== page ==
- Collaboration was established in 2001
- 2009 winner of the Collaboration Prize
When the Creative Discovery Museum (CDM) found itself struggling to make ends meet after a disappointing first season in 1995, it reached out to the nearby Tennessee Aquarium for help. Though the aquarium was just three years old, its large business operations infrastructure supported a breadth and depth of expertise at all staff levels that the smaller organization could not rival.
CDM attendance projections were way off, said Katrina Craven, who worked for the aquarium at the time. The numbers were unrealistic, and they were overstaffed, so members of the CDM board suggested they approach the aquarium.
The aquarium began providing assistance with finances, human resources, Information Technology, marketing, advertising and public relations support. A few years later, the Hunter Museum of American Art found itself in need of similar business-side support.
Before the collaboration, the Hunter Museum was sort of internally focused, and hadnt made the effort to reach out to the community, said Katrina, who is now director of marketing and PR for the Hunter Museum. It had an incredibly outdated operational infrastructure. The watershed moment came when the leadership changedthe director at the time joked about coming in and there was one phone with an answering machine and one computer hooked to the internet.
Museum staff shared a single email account, reliant upon a dial-up internet connection. Someone who sat on both the Hunter and aquarium boards began a conversation about finding a partnership that could benefit both organizationsand before long, all three organizations, each within a short walking distance of one another, were working together as the Chattanooga Museums Collaborative.
The two smaller organizations pay a fee in exchange for the aquariums support. Initially, the aquarium offered services in four main areas: human resources, IT, marketing, and finance and accounting. In a paper about the collaboration published by the Brookings Institution, aquarium human resources director Byron Mulligan said his team worked hard to ease the transition and get buy-in from the other organizations staff.
Human resources issues are generally the same across the board, he said. Why pay two or three HR staffs to do the same work a few blocks apart?
Cost and time savings are returned to the individual missions of each institution. The partnership has led to collaboration in other areas, too. The three organizations pool resources for some marketing functions, from buying ads and video production to marketing research and website management, and undertake joint ticketing and fundraising campaigns.
The two smaller museums benefit from the shared expertise of IT staff and better resources, leading to wide-scale technology updates. From an IT standpoint, we have a shared IT dept that manages all the things you can think of that fall under that, Katrina said. All our servers, email systems, all the technology that we use each and every day. That means improved access and reliability, and it makes it easier to get them fixed.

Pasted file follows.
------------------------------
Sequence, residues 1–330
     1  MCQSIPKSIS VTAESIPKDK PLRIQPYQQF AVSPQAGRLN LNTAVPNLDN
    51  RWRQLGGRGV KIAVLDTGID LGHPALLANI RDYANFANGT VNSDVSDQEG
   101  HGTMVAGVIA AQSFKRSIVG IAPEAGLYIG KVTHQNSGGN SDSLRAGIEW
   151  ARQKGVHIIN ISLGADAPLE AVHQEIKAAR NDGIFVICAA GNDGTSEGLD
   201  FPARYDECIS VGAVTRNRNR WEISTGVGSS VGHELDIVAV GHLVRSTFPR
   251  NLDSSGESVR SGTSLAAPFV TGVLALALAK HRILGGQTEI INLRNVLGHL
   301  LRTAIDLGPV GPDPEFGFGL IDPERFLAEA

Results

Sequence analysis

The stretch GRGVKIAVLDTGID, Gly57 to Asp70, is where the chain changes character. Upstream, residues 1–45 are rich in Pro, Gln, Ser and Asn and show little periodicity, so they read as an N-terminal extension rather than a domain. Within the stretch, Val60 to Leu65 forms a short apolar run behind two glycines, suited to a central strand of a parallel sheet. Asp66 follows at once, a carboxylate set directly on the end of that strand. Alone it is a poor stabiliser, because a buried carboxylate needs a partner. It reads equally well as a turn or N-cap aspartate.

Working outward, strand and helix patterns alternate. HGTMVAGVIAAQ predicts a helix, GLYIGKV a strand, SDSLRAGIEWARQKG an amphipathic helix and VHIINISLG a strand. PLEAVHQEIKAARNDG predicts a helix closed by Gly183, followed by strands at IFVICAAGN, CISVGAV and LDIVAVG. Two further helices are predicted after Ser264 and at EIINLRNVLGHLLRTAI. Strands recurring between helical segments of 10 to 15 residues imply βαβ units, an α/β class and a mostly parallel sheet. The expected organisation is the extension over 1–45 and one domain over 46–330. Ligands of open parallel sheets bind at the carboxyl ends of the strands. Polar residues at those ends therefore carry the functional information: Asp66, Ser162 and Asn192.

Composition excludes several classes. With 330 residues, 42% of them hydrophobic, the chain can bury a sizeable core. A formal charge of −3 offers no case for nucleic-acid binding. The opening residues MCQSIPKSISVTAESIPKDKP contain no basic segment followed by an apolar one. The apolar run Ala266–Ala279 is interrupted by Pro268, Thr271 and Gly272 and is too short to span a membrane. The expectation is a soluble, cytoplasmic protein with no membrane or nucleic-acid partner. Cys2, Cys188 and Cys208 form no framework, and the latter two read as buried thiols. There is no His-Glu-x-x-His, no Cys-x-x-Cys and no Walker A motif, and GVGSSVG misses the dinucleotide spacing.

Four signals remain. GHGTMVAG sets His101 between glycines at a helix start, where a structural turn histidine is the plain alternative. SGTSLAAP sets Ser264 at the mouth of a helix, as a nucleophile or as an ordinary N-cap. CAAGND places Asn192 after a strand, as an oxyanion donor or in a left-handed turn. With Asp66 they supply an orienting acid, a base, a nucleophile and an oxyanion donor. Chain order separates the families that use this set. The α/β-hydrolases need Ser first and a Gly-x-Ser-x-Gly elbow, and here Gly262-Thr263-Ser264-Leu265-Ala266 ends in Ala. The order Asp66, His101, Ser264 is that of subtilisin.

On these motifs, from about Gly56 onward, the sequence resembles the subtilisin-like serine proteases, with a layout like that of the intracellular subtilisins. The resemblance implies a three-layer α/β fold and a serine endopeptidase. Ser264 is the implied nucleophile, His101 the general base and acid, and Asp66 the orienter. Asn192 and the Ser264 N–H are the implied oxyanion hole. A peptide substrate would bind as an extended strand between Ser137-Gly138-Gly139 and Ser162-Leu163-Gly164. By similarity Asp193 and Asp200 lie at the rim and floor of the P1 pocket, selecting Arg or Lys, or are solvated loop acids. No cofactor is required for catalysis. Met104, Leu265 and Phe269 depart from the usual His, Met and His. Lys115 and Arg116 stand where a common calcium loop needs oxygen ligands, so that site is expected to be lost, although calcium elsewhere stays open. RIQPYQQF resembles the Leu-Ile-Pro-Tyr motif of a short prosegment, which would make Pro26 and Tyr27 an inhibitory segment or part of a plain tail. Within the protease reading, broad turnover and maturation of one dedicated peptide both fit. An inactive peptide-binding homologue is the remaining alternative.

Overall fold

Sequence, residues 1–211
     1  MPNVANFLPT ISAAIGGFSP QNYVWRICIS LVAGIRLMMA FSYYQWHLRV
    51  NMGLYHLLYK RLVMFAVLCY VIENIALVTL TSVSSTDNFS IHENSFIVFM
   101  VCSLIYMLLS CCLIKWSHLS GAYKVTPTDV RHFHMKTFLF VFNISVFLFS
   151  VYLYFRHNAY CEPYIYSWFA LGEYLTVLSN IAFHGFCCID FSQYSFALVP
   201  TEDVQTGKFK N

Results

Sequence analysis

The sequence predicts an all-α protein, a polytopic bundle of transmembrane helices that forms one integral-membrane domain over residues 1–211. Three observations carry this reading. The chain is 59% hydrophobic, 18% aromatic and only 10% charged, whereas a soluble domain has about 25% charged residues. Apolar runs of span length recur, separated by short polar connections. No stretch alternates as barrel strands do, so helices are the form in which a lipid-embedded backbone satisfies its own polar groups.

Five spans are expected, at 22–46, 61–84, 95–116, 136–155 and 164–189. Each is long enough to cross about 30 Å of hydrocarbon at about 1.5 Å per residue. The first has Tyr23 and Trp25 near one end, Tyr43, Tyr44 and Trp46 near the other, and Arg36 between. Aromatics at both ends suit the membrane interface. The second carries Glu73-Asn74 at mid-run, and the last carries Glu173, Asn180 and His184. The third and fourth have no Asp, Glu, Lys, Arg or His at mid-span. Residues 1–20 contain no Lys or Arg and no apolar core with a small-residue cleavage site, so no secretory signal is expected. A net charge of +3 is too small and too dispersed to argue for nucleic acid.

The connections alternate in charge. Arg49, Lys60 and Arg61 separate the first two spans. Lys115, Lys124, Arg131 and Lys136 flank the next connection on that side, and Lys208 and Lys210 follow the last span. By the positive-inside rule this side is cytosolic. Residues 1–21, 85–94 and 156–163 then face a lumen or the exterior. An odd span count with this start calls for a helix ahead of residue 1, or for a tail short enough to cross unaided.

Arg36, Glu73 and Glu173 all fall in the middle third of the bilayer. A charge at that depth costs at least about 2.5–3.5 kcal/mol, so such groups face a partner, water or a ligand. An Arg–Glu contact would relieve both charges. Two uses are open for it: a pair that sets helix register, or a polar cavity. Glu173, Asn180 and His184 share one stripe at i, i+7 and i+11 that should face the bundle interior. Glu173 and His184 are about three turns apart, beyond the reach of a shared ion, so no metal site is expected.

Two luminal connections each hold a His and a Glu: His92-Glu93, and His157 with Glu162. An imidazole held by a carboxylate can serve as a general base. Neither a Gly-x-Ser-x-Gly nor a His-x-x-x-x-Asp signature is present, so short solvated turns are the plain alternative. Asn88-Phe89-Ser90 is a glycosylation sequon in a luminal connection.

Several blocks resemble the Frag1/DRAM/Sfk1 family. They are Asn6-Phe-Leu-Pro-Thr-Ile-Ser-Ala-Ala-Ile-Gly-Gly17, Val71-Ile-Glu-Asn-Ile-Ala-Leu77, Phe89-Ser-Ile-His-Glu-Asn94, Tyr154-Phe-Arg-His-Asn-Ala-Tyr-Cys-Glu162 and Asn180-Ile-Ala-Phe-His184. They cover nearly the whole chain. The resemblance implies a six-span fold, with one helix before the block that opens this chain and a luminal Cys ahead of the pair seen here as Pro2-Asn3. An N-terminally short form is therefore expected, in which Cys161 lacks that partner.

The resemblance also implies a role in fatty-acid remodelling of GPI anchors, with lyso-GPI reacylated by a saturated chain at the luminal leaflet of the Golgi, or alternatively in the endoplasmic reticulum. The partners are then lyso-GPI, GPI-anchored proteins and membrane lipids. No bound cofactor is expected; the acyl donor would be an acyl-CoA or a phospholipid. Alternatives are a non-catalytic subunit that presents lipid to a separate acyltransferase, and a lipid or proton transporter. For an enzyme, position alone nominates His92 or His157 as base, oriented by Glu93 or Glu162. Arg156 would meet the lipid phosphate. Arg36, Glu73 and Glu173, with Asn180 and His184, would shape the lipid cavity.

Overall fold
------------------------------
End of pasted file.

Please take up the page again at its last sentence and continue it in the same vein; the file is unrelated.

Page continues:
They use a mixture of centralized and local servers, and are linked by network to facilitate information sharing among staff.
We can share calendars and all that, but theres some level of separation for donor information, Katrina said.
Another technological improvement has improved the museum stores of all three organizations, which use the same retail software and a shared database to make it easier to manage inventory across the different sites. In addition, the aquarium took over the purchasing role for the CDM and the Hunter Museum, eliminating the need for those organizations to hire managers with that expertise, which costs more. Now, managers can focus solely on customer service and operational issueswhich is true in other departments, as well.
Organizations our size and smaller simply cant afford to have a dedicated IT person, so it ends up being a piece of somebodys job, she said. And that being what it is, something always suffers. So in many ways, it did allow us to stop worrying about certain things, and not just on the IT side, but accounting and finance, too. When you think about the day-to-day of running an organization, having infrastructure in place and staff to support that, and always being concerned about whether were doing this the right wayit absolutely freed us up to focus on our missions.
The two smaller museums each save over $1.5 million annually, creating a more than $1 million revenue stream to date for the Aquarium. While all three organizations benefit from the collaboration by supporting each others needs, Katrina said, ultimately, the collaboration benefits the community at large.
Having worked for two of the three, I can say its a very beneficial relationship, she said. It has benefits that go just beyond the financial. Its created a real sense of were all in this together, lets see how else we can help each other out.
Editor’s note: This case study is part of an NTEN research series on Nonprofit Shared Back-Offices in the Cloud, which was conducted in June, 2012, and prepared by Idealware. You can read the overview article for this study here, and find the other case studies in this series in our case-study section.